Home Hacking Meta Will Pay You up to $45,000 to Hack Quest Pro & Other Hardware

Meta Will Pay You up to $45,000 to Hack Quest Pro & Other Hardware

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In an effort to harden the security of its hardware products, Meta today announced new guidelines for its Bug Bounty program, specifying the inclusion of both the Quest Pro headset and Touch Pro controllers, and what the company will pay out for specific bugs uncovered by security researchers.

Like some other tech companies, Meta runs a Bug Bounty program which encourages hackers security researchers to probe its products for vulnerabilities in exchange for a payout.

Meta has been running this program for some time across various products, but today the company added new payout guidelines specific to its VR products, including Quest Pro and the Touch Pro controllers, as well as Quest 2, Quest 1, and many of the company’s recent non-VR hardware products.

According to the guidelines, Meta is offering up to $45,000 for major exploits on its hardware products (like remote code execution on a headset), and between $500–$3,000 for smaller exploits (like sneaking an app around the user’s permission settings).

The guidelines detail how Meta will assess the various classes of exploits and how their severity will determine the payout. The company says it will take a range of factors into consideration, including findings that could “potentially result in physical health and safety and privacy risks.”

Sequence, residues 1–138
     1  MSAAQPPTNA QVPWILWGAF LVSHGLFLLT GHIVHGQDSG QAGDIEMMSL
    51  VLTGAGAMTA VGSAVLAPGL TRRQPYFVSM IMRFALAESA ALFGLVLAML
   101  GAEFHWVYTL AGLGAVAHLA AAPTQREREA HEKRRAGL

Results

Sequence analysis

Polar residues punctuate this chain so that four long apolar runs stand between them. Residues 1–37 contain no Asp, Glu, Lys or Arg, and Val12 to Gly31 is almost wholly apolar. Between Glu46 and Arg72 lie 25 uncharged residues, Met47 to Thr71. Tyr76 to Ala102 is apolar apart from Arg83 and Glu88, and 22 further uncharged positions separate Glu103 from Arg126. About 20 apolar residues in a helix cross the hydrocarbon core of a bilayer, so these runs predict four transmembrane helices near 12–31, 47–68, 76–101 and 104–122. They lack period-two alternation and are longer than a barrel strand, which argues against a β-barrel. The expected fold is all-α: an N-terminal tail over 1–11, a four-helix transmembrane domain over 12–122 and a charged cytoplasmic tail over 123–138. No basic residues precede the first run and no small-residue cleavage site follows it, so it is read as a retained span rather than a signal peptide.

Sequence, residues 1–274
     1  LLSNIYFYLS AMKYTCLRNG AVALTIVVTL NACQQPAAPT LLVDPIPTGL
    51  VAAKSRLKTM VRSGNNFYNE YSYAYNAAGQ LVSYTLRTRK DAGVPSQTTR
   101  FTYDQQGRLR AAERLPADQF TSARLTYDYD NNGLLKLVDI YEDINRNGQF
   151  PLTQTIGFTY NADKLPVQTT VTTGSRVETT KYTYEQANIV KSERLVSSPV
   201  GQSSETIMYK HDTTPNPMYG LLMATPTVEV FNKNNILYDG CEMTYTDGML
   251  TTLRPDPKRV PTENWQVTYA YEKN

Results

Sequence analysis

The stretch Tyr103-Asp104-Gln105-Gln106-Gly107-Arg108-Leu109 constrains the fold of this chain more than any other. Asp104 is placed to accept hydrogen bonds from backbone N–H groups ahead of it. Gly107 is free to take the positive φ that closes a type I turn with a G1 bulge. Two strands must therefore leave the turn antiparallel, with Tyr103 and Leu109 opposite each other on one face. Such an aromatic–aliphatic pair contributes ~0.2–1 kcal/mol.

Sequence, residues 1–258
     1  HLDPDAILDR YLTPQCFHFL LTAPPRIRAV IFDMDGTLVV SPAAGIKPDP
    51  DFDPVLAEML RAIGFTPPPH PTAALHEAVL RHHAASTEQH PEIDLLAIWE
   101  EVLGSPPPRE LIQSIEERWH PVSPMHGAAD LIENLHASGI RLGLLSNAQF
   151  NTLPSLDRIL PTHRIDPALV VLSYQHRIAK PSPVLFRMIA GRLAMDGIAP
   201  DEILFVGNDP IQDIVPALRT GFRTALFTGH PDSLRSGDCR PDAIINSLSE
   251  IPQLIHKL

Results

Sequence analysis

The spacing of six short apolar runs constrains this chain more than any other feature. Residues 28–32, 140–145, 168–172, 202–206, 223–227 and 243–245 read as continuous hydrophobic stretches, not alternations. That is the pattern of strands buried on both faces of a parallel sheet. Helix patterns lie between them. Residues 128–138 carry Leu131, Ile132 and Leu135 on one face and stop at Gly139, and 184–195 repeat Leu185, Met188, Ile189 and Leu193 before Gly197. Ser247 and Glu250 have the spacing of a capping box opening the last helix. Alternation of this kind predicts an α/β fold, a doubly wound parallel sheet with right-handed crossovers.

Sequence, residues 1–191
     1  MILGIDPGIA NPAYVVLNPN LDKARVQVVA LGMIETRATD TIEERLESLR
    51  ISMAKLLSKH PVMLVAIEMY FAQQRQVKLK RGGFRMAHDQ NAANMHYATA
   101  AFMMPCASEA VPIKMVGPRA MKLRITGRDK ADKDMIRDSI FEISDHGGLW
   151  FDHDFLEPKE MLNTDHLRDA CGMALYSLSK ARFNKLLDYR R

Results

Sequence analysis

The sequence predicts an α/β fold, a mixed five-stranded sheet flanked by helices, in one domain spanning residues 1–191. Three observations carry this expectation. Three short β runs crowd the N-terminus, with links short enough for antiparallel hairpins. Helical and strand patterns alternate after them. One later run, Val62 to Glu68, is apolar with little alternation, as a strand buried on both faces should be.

Photo by Road to VR

One of the most interesting additions of included devices in the program is surely the Touch Pro controllers. As far as Meta’s VR headsets go, this is a whole new class of device—essentially a little computer capable of tracking its own position thanks to three on-board cameras. None of the company’s prior VR headsets have had such sophisticated controllers, and it will be interesting to see if they open the door to any new security vulnerabilities.

In a blog post recounting the last year of the company’s Bug Bounty program, Meta says it paid out some $2 million to security researchers this year. The company says it got around 10,000 reports in 2022, 750 (7.5%) of which it determined qualified for a payout. That makes the average bounty payment for 2022 around $2,700 per qualifying bug.

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